Cheaper, smaller games will enable developers to focus on gameplay, says Nintendo boss
The Virtual Console functions of the Wii platform will enable small games to find a large audience, according to Nintendo boss Satoru Iwata, who says that the download system is an alternative to the "single-minded" approach of the industry at present.
Speaking to the Tech-On section of Japanese newspaper Nikkei Business Publications, Iwata addressed the merits of the Virtual Console as a platform for creating new content, not just for emulating old games - the use with which most prospective purchases will be most familiar.
He implied that games which launch on the Virtual Console could cost as little as 500 Yen (around 3.50 Euro), a tenth of the expected retail price of new games on the system in Japan.
"When creating a packaged game to be priced at 5,000 yen, developers tend to feel the need to create a rich game," he explained. "Yet it is possible to create a reasonably entertaining game in 2 months with a team of three. Offering such games for 500 yen over a network could lead to a reasonable number of people purchasing it. By offering an environment that allows this, we hope to encourage more developers to pursue basic yet enjoyable gameplay."
However, Iwata was quick to point out that Nintendo will continue to develop "epic" titles as well - and that even in the firm's new vision of the future, there is plenty of room for titles such as Zelda, Fire Emblem or Earthbound.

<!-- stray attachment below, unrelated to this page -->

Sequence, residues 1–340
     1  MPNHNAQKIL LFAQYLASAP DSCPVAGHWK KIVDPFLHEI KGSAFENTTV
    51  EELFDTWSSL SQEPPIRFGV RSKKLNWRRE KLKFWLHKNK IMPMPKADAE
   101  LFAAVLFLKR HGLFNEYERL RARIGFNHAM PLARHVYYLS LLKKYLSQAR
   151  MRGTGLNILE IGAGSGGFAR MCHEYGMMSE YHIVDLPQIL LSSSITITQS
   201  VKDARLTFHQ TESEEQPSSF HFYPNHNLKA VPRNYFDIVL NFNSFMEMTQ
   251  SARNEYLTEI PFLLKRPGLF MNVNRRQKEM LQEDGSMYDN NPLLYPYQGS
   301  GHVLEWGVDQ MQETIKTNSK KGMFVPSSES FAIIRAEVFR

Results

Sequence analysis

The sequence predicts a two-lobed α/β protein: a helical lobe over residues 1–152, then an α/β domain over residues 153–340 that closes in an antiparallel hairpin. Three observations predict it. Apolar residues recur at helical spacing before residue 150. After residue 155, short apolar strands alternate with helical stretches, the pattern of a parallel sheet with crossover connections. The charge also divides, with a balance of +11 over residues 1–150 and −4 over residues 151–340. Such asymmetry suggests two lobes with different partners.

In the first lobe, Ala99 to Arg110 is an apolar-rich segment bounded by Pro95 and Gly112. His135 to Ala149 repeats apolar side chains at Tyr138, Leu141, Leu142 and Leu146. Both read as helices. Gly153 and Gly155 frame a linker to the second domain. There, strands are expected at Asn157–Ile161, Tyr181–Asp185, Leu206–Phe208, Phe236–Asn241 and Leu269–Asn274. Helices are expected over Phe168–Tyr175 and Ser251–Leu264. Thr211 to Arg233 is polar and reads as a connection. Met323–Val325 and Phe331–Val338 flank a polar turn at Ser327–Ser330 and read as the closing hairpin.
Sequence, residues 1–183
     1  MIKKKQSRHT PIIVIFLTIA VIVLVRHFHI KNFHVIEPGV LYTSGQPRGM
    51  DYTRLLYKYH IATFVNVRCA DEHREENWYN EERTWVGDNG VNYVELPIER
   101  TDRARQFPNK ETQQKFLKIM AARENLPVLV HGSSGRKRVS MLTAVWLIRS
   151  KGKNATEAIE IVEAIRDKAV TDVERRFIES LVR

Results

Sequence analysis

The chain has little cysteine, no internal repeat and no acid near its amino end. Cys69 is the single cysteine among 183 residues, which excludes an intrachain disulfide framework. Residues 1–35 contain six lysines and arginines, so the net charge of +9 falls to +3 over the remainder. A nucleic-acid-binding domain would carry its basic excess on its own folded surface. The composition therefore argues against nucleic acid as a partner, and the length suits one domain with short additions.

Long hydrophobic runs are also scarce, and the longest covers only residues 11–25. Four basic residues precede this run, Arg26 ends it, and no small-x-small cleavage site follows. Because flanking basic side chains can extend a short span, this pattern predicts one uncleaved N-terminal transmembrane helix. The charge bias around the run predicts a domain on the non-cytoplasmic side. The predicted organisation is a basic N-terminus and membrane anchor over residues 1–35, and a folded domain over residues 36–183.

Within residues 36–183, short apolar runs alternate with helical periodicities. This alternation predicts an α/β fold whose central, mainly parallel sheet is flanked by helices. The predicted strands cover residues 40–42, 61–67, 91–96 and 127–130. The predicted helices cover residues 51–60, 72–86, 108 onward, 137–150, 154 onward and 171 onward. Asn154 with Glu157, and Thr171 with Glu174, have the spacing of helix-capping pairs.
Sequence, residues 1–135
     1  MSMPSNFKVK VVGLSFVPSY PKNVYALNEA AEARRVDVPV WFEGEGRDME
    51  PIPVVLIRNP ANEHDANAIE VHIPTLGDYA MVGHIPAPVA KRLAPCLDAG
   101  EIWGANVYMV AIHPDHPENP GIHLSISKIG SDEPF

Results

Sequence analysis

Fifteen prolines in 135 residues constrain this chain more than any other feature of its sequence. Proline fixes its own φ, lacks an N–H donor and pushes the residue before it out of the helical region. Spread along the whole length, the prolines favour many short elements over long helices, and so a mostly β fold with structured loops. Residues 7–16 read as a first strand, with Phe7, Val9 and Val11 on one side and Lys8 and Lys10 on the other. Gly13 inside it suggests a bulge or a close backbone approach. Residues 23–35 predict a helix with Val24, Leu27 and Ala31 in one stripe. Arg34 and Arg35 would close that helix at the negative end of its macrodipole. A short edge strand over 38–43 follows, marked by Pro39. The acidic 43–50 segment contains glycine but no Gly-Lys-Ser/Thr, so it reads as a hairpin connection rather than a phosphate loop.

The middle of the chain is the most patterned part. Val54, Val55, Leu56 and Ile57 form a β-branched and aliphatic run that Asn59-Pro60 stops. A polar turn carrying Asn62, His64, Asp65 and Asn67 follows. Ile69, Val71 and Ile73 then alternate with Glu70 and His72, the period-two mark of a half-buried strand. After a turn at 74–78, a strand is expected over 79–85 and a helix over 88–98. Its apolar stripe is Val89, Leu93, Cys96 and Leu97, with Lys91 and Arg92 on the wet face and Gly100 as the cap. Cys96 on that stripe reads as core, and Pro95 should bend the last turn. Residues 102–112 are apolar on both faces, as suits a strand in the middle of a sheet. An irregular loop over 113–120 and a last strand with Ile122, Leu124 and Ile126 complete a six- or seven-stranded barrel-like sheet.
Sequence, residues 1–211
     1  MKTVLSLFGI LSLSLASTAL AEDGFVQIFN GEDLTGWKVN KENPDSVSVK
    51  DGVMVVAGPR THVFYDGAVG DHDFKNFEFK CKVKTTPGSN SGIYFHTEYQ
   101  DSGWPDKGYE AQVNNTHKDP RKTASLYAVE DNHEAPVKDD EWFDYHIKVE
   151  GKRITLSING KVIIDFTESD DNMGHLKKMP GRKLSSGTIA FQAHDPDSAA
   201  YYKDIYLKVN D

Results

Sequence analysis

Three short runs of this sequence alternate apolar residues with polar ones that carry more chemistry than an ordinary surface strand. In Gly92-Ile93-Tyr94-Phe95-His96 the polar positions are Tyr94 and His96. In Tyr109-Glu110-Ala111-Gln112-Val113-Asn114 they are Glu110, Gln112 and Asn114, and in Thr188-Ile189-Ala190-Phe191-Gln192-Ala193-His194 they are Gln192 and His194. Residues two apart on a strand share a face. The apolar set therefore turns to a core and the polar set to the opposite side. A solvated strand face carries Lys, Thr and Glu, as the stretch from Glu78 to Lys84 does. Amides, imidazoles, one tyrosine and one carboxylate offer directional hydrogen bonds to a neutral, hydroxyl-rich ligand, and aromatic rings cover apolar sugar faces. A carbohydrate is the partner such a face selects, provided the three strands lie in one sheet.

"Content-rich games have their own merit, and I have no intention of discrediting them," he continued. "Such games are important in their own right, and will continue to be in demand. Still - think about it - eating French cuisine or a full dinner each day would quickly lead to boredom, wouldn't it? You'll want a simple bowl of rice and soup every now and then."
"Our intention with the Wii is to propose an alternate approach to gaming business," he concluded, "as the gaming industry is currently far too single-minded."
Iwata admitted to Nikkei Business Publications that Nintendo had fallen from its former position as "champion" of the console market to being a "challenger" - and that "challengers have a hard time getting the market to listen to them."
However, he believes that the success of the Nintendo DS has helped to build momentum and support for the firm's innovations in control mechanisms, which he believes will help to "propel the Wii forward" when it appears later this year.
amen to that!
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